Microenvironmental Control and Thermal Barrier Curtains/Shades for Long-Haul Trucks
Cab climate conditioning is one of the primary reasons for idling the main engine in a long-haul truck during driver rest periods. In the United States, long-haul trucks (trucks that travel more than 500 miles per day) use approximately 667 million gallons of fuel annually for rest period idling. Including workday idling, over two billion gallons of fuel are used annually for truck idling. Idling represents a zero freight efficiency operating condition for the truck. As awareness of idle fuel use has increased, federal regulation and incentives have been created. An example is the idle reduction technology credit in the Heavy-Duty Greenhouse Gas Emissions Standards, which began in 2014. Increased awareness has also spurred implementation of many stringent state and city anti-idling regulations.
By reducing thermal loads and improving the efficiency of climate control systems, there is a great opportunity to reduce fuel use and emissions associated with idling. Enhancing the thermal performance of cab/sleepers will enable smaller, lighter, and more cost-effective idle reduction solutions. In addition, if the fuel savings from new technologies provide a one- to three-year payback period, fleet owners will be economically motivated to incorporate the new technologies. Therefore, financial incentive provides a pathway to rapid adoption of effective thermal load and idle reduction solutions.
 Stodolsky, F., Gaines, L., Vyas, A. Analysis of Technology Options to Reduce the Fuel Consumption of Idling Trucks. Argonne National Laboratory, ANL/ESD-43, June 2000.
 Gaines, L., Vyas, A., Anderson, J., “Estimation of Fuel Use by Idling Commercial Trucks,” 85th Annual Meeting of the Transportation Research Board, Washington, D.C., January 22-26, 2006, Paper No. 06-2567.
 “Greenhouse Gas Emissions Standards and Fuel Efficiency Standards for Medium- and Heavy-Duty Engines and Vehicles, Final Rule.” Federal Register 76 (15 September, 2011): 57106-57513.
 “Idling Regulations Compendium, American Transportation Research Institute.” http://atri-online.org/2013/02/20/idling-regulations-compendium/. Accessed on 9/16/2013.
Engineers at the National Renewable Energy Laboratory (NREL) have developed a microenvironment control system to decrease climate control loads while improving comfort. Called “The Comfort Shower,” this invention uses an overhead supply manifold with directed outlets and near occupant return lines built into the sleeper bed area. Air exits through the supply manifold and is drawn into the return lines near the occupant. This configuration limits the mixing and entrainment of air from outside the intended climate control zone creating a smaller conditioned space within the sleeper compartment without the need for physical barriers. When the occupant(s) is sleeping in the truck the air flows down along the length of the person with returns along the side of the bed (Figure 1).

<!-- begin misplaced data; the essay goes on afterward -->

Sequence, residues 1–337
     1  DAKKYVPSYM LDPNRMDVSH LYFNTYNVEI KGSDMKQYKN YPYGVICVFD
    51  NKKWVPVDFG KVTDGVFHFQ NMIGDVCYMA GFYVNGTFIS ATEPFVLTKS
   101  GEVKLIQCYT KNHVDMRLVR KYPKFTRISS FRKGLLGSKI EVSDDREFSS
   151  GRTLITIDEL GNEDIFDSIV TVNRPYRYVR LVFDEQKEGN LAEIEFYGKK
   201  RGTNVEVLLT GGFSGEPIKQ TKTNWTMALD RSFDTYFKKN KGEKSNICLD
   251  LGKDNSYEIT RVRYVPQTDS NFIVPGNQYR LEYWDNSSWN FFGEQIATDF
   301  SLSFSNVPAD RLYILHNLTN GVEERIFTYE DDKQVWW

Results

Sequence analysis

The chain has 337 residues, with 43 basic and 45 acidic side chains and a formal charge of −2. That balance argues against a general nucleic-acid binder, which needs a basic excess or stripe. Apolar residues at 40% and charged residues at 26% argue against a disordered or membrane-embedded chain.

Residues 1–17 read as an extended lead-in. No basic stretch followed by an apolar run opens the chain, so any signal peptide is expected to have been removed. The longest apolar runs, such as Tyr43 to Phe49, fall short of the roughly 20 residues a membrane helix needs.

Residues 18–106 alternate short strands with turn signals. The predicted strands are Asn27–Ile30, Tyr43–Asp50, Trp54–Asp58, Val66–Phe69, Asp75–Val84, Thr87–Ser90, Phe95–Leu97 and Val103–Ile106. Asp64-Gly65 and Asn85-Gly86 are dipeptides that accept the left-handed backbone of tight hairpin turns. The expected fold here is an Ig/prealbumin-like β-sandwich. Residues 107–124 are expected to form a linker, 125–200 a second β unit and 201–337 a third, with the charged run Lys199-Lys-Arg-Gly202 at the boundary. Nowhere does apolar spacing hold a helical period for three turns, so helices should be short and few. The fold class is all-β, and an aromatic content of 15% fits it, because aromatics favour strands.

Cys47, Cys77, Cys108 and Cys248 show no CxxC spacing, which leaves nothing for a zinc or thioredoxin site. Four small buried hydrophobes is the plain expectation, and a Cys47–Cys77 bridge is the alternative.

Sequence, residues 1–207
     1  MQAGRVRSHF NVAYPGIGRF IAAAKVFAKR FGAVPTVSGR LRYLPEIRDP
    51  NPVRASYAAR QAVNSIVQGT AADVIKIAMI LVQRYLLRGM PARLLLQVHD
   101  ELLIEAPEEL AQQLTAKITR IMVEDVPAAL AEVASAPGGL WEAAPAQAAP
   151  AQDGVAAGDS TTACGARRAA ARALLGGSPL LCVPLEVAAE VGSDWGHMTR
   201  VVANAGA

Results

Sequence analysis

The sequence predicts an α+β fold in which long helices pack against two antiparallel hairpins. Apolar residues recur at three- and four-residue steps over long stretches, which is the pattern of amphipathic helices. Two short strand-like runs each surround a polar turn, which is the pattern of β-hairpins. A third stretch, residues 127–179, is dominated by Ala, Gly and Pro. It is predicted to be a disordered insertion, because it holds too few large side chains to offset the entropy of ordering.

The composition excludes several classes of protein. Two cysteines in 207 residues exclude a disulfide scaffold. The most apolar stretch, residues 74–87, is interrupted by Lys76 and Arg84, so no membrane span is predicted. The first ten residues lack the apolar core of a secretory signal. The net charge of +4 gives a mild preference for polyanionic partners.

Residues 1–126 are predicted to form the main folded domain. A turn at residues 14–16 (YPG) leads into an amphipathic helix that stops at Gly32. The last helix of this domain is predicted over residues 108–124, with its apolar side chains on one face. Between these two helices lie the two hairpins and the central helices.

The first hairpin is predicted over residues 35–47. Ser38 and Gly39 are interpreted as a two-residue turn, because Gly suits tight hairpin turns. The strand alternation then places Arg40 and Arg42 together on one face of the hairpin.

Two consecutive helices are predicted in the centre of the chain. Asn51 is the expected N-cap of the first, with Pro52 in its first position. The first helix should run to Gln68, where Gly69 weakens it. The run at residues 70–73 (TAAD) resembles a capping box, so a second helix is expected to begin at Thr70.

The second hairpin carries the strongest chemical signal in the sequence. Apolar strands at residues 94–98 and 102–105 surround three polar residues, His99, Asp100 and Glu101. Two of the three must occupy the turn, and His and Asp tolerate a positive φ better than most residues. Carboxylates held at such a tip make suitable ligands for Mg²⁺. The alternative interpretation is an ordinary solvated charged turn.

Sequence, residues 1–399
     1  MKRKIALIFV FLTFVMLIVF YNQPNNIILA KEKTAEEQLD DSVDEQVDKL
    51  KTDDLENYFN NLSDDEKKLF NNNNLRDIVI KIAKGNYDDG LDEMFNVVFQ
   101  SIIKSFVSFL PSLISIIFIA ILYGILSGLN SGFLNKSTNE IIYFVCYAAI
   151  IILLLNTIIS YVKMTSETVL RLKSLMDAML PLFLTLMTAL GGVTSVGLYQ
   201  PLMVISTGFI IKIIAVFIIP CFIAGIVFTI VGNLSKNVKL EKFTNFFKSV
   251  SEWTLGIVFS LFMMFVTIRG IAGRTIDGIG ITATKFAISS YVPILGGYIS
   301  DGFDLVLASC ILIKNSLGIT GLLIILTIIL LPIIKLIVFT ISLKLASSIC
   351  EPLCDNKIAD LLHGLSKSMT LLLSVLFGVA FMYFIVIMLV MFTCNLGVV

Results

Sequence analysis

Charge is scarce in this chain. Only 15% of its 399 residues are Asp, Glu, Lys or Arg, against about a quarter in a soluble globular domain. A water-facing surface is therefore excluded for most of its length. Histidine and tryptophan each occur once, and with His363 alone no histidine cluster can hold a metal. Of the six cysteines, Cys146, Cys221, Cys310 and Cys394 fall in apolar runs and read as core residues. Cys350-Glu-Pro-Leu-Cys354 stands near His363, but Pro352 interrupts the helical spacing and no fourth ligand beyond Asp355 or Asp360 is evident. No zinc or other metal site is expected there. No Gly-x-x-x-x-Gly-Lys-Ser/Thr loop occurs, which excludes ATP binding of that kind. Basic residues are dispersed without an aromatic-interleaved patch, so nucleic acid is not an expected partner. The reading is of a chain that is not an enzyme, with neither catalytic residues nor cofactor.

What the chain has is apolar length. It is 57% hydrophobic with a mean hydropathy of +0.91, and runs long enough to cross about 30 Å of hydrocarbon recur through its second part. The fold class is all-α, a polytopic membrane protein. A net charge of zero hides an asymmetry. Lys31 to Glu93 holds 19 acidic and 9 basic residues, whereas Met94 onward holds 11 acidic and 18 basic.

By limiting the conditioned space only to the air in close proximity to the occupant, the system needs to add or remove less energy from the air stream, thus improving the HVAC efficiency. The reduced air mass also makes it easier to control air conditions (temperature, humidity, etc.) to meet the occupant needs, improving thermal comfort.
Additionally, engineers at NREL have developed an improved thermal barrier which also acts as a privacy shade and cab-to-sleeper separator curtain to provide the occupants with the ability to isolate a spatial region of the vehicle and control the lighting/privacy of an area. Thermal performance as a design criterion for existing curtains and shades is often limited, with the design focus primarily on privacy and cost. The thermal barrier curtains and shades developed at NREL differ significantly from existing designs in their ability to provide a significant reduction in both heating and cooling climate control loads of the vehicle for long-haul truck driver rest periods.
· Limits the volume of conditioned air needed to keep the occupant comfortable
· Adjustable vents which can be moved to improve comfort
· Can be used for one or more occupants
· By limiting the entrainment of air from outside the microenvironment climate control zone, fresh air can be provided more directly to the occupants, reducing the total outside air required to meet occupant needs
· Reduced thermal inertia of the smaller climate controlled zone will also respond faster to climate control, providing opportunity for better transient control response
· Reduced controlled air volume allows for easier humidity control of the conditioned space
· Comfort Shower can reduce the sensitivity of the climate control loads to the sleeper curtain and may allow for a more open environment without increasing loads
Applications and Industries
· Truck cab/sleeper climate control
· Localized ventilation
|Technology ID||Development Stage||Availability||Published||Last Updated|
|NREL ROI 14-06, 15-54||Proposed||Available||12/28/2015||12/28/2015|